Focused on Risk Management Objectives
Should a pork producer measure the success of a
biosecurity program by looking at the amount of money spent on vaccines?
The latter is only one part of the former. Vaccines are important, but
they certainly are not the definitive measure of success.
Similarly, should a pork producer measure the success of a risk
management program by the price received? The answer is no – and the
similarities between the two questions are clear.
Current discussions about price levels which could have, should have or
would have been reached remind me of ongoing discussions about pork
quality. In the 1980s and 1990s, the industry made great strides in
making hogs leaner. At the same time, some real concerns arose about
the quality of the lean in the new, high-efficiency hogs and their
carcasses. Some of those concerns remain today. Selection for one
trait, while improving the targeted trait causes improvement in that
trait, but may have deleterious effects on another.
Help Realign Priorities
If you are involved in the swine industry, the last couple
of months have been encouraging. Cash prices have been over $80/cwt.,
carcass, for the last month (Figure 1) and producers are finally able to
improve their balance sheets. The industry needs an extended run of
profits to get back to where it was in 2007. Not only will it take some
time to repair the economic damage of the past two years, there were
many production system items placed on the back burner due to a lack of
cash. If profits continue – and I think they will – I believe we
will see many production systems looking at the following investments
over the next 12 months:
• Sow Parity – The last couple of years, producers
have retained sows for more parities. In many productions systems, the
sow parity average was over 4. With cull sow prices over 50 cents/lb.,
you can replace those older sows with gilts and bring the average parity
of your sow herd back to a more typical level. Down the road, this will
lead to better production in your sow herd.
• Human Resources – I think many companies stretched
their people resources to their limits over the last two years. In
visiting with many companies, we have learned that people could do more
if asked; but, now may be a good time to invest in these key employees
(e.g., training, bonuses), which will likely pay dividends down the
road. There is always a limit to how much you can push employees.
Investing in human resources should be on the list for many production
• Fixing and Repairing – Many companies put any major
repairs on existing buildings on hold. Because of limited cash, many
production systems spent only the bare minimum to maintain their
buildings. There will be many gates, feeders, crates, slats, etc. that
need replacing across the industry. As balance sheets continue to heal,
equipment suppliers will likely be busy, as will businesses in new
Added to U.S. Exports
USDA’s Foreign Market Development (FMD) program and
Market Access Program (MAP) have had a positive and significant impact
on U.S. agricultural trade. This was the finding in an independent
study by HIS Global Insight, which evaluated the effects of the FMD and
MAP programs administered by USDA’s Foreign Agricultural Service
(FAS). The study focused on the period from 2002 through 2009. By
2009, the report concludes, the increase in market development spending
since 2002 increased U.S. export market share by 1.3% and the annual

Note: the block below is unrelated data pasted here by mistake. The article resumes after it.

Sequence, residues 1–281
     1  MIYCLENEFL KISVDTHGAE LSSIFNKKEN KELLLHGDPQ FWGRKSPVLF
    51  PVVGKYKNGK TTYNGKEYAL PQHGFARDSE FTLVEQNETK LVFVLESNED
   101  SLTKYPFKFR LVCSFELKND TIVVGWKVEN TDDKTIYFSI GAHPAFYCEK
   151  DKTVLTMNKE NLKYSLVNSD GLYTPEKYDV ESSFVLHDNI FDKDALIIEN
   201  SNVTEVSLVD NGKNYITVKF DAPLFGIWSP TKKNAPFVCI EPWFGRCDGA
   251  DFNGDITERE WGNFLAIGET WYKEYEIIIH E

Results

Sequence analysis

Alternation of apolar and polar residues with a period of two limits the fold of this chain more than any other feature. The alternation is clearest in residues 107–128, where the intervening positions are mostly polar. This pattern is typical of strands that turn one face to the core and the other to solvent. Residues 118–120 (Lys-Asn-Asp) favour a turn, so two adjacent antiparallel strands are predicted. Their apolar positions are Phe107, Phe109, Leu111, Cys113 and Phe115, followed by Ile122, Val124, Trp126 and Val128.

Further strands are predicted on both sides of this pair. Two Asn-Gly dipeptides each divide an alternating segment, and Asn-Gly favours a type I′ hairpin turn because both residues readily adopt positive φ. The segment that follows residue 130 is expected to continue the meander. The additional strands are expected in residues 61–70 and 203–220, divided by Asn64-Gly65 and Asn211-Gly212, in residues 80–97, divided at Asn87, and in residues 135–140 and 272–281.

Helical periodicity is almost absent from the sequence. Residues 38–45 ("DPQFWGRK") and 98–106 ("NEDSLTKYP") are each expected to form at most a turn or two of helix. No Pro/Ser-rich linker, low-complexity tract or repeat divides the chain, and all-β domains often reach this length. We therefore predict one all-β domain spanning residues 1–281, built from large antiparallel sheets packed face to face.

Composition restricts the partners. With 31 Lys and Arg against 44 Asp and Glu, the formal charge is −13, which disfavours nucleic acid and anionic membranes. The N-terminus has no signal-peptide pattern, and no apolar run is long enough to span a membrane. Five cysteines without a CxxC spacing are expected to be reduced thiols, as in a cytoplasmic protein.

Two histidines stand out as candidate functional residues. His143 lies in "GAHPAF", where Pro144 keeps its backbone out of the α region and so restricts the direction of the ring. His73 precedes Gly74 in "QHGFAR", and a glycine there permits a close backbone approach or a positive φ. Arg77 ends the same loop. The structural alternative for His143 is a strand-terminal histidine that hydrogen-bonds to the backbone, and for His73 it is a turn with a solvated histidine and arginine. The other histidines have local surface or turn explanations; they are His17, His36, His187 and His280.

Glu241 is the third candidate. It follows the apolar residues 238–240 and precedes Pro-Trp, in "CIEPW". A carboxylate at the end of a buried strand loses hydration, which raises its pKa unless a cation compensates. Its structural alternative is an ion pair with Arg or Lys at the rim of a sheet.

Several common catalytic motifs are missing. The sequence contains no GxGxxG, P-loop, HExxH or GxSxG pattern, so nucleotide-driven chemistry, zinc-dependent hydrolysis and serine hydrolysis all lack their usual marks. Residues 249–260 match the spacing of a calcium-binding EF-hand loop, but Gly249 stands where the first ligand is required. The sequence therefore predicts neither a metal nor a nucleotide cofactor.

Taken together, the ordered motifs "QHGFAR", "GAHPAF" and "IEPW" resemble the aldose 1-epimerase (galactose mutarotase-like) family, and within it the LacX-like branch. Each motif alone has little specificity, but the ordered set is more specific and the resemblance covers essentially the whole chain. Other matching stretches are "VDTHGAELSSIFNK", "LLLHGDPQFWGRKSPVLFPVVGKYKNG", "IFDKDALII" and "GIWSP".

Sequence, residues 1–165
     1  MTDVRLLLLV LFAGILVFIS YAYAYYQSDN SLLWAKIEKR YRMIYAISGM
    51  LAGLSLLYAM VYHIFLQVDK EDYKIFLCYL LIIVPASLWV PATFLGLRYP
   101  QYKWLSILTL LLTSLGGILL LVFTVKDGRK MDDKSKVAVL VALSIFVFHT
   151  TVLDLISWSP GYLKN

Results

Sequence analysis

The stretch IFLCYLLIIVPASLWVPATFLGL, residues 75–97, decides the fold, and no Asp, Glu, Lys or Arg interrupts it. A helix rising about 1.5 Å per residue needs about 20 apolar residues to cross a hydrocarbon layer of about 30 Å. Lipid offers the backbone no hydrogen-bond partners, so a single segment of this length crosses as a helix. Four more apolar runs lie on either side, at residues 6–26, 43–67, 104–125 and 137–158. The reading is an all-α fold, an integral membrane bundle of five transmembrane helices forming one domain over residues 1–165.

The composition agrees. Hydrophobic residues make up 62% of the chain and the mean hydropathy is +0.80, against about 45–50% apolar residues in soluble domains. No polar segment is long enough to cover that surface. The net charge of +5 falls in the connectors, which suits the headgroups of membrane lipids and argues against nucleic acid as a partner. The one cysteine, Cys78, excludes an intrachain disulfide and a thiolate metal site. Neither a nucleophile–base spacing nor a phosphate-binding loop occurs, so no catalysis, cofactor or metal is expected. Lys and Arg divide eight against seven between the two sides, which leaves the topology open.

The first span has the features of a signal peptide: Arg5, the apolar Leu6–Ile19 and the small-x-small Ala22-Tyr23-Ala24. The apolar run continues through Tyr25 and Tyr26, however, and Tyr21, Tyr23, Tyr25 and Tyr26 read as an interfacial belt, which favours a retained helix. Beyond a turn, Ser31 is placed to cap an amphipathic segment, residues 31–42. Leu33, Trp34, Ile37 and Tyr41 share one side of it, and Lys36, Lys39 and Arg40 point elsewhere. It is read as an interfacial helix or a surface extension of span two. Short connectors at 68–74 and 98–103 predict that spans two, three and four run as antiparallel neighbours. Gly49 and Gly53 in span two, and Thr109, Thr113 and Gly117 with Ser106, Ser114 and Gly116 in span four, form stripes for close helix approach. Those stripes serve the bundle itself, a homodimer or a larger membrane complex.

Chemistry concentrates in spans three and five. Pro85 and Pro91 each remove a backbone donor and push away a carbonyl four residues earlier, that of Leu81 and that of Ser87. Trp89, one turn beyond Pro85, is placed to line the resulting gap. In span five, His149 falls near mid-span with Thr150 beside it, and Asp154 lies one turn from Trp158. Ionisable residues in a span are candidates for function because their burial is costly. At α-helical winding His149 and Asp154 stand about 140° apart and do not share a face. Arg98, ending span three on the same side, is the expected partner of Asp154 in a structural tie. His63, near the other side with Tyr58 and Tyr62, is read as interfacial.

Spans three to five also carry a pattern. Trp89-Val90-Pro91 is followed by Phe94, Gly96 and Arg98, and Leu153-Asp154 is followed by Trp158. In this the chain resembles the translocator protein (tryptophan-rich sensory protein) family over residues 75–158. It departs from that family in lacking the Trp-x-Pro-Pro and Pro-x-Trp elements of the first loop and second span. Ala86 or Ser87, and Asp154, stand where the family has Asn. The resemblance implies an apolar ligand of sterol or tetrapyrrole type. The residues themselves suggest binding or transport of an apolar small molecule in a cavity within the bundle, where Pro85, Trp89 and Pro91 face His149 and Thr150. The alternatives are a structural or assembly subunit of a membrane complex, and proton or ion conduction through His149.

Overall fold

value of U.S. agricultural exports by $6.1 billion. The study concluded
that increased investment in market development resulted in the
• For every additional $1 expended by government and industry
on market development, U.S. food and agricultural exports increased by
• Export gains associated with the programs increased the average
annual level of U.S. farm cash receipts by $4.4 billion and net cash
farm income by $1.5 billion. At the same time, U.S. domestic support
payments were reduced by roughly $54 million annually due to higher
prices from increased demand abroad, thus reducing the net cost of the
Risk Focus Of Pork Expo Seminar
To learn more about making wise investment decisions in
these times of volatile hog markets, attend the financial risk overview
at the 2010 World Pork Expo in Des Moines, IA, by Thomas Clark,
associate director of Commodity Products for CME Group, including
Chicago Mercantile Exchange.
Clark’s seminar, “Risk Management for Pork Producers,” will focus
on the importance of risk management in operating a successful hog
operation. Clark will present a brief overview about hedging investments
with futures and options, discuss how producers can develop a marketing
plan and explain educational training tools producers can use to
leverage their risks.
“I hope producers that attend the educational seminar at World Pork
Expo will walk away with a basic understanding of why risk management is
important to their financial future,” says Clark. “The markets are
different now than they were 10 years ago, and the way previous
generations ran their operations and managed ‘the bottom line’ may
not be the best way for our generation to do business.”
June 8-10, 2010"Sustaining Animal
Agriculture: Balancing Bioethical, Ecnomic and Social Issues."
Jefferson Auditorium, USDA's South Agriculutre Building
For more information contact: Dave Stender by
phone (712) 225-6196, fax (712) 225-3173 or e-mail firstname.lastname@example.org.
June 9-11, 2010: World Pork Expo, Iowa State
De Moines, IA;
For more information contact: www.worldpork.org.
June 23, 2010: Advanced Swine Reproductive
Management Workshop Lifelong Learning Center
more information contact: Dave Stender by phone (712) 225-6196, fax
(712) 225-3173 or e-mail email@example.com.
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